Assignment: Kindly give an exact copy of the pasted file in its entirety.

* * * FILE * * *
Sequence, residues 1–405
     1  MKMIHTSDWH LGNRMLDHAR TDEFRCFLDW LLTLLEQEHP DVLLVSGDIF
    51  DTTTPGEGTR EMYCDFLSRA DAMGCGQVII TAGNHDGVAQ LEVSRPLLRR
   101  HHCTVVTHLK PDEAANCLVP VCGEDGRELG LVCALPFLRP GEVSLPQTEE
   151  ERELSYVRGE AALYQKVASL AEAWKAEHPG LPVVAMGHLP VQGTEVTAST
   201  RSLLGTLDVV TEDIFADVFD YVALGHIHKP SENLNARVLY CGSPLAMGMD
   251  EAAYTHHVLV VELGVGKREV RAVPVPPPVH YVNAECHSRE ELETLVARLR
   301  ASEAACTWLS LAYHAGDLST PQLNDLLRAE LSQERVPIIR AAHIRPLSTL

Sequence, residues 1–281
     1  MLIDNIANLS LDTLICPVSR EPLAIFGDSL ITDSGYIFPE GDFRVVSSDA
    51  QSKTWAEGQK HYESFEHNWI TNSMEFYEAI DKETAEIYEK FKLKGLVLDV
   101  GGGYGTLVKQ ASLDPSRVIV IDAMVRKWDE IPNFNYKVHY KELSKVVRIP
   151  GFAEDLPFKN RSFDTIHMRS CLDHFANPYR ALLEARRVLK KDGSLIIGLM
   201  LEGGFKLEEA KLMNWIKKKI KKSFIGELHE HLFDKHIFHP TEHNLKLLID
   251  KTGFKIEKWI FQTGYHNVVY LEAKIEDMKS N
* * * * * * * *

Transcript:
Sequence, residues 1–405
     1  MKMIHTSDWH LGNRMLDHAR TDEFRCFLDW LLTLLEQEHP DVLLVSGDIF
    51  DTTTPGEGTR EMYCDFLSRA DAMGCGQVII TAGNHDGVAQ LEVSRPLLRR
   101  HHCTVVTHLK PDEAANCLVP VCGEDGRELG LVCALPFLRP GEVSLPQTEE
   151  ERELSYVRGE AALYQKVASL AEAWKAEHPG LPVVAMGHLP VQGTEVTAST
   201  RSLLGTLDVV TEDIFADVFD YVALGHIHKP SENLNARVLY CGSPLAMGMD
   251  EAAYTHHVLV VELGVGKREV RAVPVPPPVH YVNAECHSRE ELETLVARLR
   301  ASEAACTWLS LAYHAGDLST PQLNDLLRAE LSQERVPIIR AAHIRPLSTL

Sequence, residues 1–281
     1  MLIDNIANLS LDTLICPVSR EPLAIFGDSL ITDSGYIFPE GDFRVVSSDA
    51  QSKTWAEGQK HYESFEHNWI TNSMEFYEAI DKETAEIYEK FKLKGLVLDV
   101  GGGYGTLVKQ ASLDPSRVIV IDAMVRKWDE IPNFNYKVHY KELSKVVRIP
   151  GFAEDLPFKN RSFDTIHMRS CLDHFANPYR ALLEARRVLK KDGSLIIGLM
   201  LEGGFKLEEA KLMNWIKKKI KKSFIGELHE HLFDKHIFHP TEHNLKLLID
   251  KTGFKIEKWI FQTGYHNVVY LEAKIEDMKS N